Jeff Todd <![CDATA[Latest On Mets’ Sale Efforts]]> 2020-06-23T03:08:38Z 2020-06-23T02:48:24Z Reporting earlier today made clear that Alex Rodriguez and Jenifer Lopez have had success lining up some wealthy investors to join them in pursuit of the Mets.

    It seemed initially that there was another deep-pocketed participant in the A-Rod-J.Lo group. Per Charles Gasparino of FOX Business (Twitter link), Florida Panthers owner Vincent Viola had joined the fray along with previously rumored Mike Repole.

    It turns out that is indeed the case, but that Viola’s public emergence doesn’t really add to the pot. As Tim Healey and Jim Baumbach of Newsday report, Viola is actually working with Repole. The pair are said to be willing to invest to the $250MM level.

    It seems there could be other contributors as well — as one might expect, given the anticipated cost of a New York baseball franchise. While the sale price will obviously droop due to the coronavirus uncertainty, it’s still a marquee asset in the sports world.

    The current Wilpon ownership group is interested in wrapping up a deal by the end of 2020, per the Newsday report. And it seems the current package of assets would not include the revenue-producing SNY network, which will obviously bear on the level of outside interest and price that can be achieved.

    That timeline is of interest, as it makes clear that this is a near-term proposition. Those who followed the recent sale of the Marlins will recall that there was still plenty of uncertainty at this point on the calendar. A deal was consummated in August, in time for the new ownership group to prepare for a full first offseason.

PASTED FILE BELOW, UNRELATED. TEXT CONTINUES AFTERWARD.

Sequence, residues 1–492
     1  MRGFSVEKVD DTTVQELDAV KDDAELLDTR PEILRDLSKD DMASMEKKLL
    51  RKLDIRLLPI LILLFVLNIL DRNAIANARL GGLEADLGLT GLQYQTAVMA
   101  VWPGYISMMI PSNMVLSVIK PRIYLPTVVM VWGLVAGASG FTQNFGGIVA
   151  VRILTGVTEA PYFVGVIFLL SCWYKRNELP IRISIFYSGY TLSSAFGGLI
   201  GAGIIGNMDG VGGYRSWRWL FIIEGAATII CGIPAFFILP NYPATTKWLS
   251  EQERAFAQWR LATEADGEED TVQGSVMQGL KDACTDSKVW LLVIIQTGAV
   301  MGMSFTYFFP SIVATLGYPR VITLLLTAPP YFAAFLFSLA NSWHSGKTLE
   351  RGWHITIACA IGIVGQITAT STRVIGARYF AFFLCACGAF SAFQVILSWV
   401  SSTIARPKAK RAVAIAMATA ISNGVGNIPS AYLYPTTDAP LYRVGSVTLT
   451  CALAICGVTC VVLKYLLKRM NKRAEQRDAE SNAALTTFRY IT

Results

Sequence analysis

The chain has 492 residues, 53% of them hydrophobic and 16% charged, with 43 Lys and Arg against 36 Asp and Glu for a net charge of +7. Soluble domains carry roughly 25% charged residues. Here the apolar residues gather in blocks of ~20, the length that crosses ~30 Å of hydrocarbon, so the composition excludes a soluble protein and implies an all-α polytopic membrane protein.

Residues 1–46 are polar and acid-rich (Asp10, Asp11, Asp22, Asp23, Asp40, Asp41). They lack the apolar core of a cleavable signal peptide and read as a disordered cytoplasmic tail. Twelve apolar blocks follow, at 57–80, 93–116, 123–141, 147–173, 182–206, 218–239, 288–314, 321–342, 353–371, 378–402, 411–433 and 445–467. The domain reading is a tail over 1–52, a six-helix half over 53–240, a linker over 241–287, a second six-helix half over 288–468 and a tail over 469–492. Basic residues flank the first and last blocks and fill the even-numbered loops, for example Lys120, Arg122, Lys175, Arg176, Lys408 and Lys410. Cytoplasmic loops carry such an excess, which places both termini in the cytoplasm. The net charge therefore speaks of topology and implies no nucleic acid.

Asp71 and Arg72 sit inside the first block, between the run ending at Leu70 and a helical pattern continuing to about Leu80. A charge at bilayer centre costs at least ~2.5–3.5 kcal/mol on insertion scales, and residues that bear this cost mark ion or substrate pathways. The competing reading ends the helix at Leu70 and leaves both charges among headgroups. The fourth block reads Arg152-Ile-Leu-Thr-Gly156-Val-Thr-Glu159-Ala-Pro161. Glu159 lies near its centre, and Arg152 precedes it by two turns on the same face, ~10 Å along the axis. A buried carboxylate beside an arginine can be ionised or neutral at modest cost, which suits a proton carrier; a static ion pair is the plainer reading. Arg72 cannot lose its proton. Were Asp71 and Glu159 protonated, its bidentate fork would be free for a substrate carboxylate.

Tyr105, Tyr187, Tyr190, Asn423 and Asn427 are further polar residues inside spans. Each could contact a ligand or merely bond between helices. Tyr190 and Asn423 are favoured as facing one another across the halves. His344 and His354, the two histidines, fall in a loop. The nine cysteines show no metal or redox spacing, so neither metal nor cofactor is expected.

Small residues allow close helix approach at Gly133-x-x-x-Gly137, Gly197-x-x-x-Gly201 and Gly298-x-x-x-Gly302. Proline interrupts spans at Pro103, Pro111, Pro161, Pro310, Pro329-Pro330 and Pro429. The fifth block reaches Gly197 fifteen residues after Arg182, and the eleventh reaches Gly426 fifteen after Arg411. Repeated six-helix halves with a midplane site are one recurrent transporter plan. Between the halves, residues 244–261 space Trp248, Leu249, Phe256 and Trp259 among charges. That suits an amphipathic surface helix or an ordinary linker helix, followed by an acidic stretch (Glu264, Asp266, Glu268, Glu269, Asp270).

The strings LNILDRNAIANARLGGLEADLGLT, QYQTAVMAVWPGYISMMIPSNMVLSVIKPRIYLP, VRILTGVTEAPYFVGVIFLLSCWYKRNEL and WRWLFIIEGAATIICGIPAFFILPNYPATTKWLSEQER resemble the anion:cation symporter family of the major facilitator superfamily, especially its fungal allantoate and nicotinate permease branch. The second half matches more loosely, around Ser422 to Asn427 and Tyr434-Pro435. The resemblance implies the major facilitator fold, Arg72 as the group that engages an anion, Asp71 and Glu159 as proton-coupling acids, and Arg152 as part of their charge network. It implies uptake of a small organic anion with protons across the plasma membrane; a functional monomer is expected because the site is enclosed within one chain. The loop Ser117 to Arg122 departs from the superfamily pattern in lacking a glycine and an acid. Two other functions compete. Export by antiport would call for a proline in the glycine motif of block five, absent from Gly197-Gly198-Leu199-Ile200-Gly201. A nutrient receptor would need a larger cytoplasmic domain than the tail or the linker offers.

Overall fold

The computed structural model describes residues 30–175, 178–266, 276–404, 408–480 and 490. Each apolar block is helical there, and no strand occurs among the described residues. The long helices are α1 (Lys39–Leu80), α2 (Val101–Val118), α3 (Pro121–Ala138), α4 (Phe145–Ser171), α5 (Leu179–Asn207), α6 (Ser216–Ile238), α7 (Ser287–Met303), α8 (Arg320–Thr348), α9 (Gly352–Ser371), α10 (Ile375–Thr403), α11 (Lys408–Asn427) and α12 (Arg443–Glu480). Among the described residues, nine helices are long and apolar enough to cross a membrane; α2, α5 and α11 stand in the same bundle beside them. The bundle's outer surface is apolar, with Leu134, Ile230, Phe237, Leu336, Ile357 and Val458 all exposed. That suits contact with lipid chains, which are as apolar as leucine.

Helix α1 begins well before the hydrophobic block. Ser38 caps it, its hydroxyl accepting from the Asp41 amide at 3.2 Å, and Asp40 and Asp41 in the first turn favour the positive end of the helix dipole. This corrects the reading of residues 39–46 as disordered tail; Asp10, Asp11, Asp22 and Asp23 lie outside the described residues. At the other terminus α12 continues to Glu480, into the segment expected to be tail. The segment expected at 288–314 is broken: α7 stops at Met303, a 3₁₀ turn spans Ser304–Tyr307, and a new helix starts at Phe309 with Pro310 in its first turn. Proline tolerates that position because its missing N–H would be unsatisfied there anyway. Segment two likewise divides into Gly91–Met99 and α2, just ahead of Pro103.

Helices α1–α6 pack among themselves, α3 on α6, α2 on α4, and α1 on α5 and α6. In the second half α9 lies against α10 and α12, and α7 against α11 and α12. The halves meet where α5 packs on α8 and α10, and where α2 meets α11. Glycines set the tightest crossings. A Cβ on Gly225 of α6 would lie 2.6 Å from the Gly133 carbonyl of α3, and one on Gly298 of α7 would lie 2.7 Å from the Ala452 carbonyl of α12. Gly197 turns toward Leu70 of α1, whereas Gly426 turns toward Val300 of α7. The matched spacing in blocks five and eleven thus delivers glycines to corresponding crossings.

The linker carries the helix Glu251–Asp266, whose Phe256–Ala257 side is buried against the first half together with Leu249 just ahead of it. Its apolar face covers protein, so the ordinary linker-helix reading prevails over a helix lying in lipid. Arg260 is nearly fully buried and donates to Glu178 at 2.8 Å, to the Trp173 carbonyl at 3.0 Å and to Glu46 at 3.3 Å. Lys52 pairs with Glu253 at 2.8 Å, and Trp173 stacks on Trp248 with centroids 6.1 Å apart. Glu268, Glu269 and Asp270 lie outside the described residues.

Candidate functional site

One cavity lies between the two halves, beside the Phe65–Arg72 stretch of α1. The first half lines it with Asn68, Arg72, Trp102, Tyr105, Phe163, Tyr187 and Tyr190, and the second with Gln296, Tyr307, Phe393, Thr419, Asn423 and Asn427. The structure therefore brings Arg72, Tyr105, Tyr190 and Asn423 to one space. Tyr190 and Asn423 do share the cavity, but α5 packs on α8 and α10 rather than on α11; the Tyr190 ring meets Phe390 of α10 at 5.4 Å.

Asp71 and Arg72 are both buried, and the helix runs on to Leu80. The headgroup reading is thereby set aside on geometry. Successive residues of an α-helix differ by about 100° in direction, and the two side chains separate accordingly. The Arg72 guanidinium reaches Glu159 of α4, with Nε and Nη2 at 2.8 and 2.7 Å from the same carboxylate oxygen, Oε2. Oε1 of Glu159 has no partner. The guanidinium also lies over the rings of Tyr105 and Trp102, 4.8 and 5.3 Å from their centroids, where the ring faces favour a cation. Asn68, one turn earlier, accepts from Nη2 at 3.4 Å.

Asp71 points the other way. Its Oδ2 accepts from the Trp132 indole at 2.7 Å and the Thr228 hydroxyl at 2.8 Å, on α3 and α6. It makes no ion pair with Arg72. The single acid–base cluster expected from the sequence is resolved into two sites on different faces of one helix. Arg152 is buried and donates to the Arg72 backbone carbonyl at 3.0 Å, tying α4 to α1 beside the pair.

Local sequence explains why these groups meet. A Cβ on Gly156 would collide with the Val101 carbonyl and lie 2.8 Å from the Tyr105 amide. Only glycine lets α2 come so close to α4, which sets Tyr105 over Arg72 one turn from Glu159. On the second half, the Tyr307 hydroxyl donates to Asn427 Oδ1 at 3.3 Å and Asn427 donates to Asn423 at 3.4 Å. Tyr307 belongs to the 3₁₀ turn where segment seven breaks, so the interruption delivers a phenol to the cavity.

Steve Adams <![CDATA[A-Rod, J. Lo Reportedly Add Billionaire Mike Repole To Mets Bid]]> 2020-06-23T02:34:32Z 2020-06-22T19:34:05Z Alex Rodriguez and Jennifer Lopez have added some more clout to their bid to buy the Mets, bringing billionaire Mike Repole into their group, per ESPN’s Darren Rovell (Twitter link). The 51-year-old Queens native co-founded Glaceau/Energy Brands, the original creator of Vitamin Water, in addition to co-founding the BODYARMOR sports drink company. Repole also owns his own stable which has several notable racehorses.

    It’s not the first time that Repole has expressed an interest in purchasing his hometown club, per Josh Kosman and Zach Braziller of the New York Post. He previously expressed interest in 2011 but did not make a formal bid. And while Repole’s roughly $1 billion net worth eclipses the combined worth of Rodriguez and Lopez by most calculations, Kosman and Braziller report that A-Rod and J. Lo are still expected to be the designated control owners of the team.

    According to the Post, Repole is one of two investors working with Galatioto Sports Partners — an investment bank that could contribute approximately a quarter billion dollars to the bid. The A-Rod/J. Lo group has also been working with JPMorgan in their efforts to compile a bid, and other investors could yet join the fray. Rovell notes that the bid from Rodriguez and Lopez is “very real.”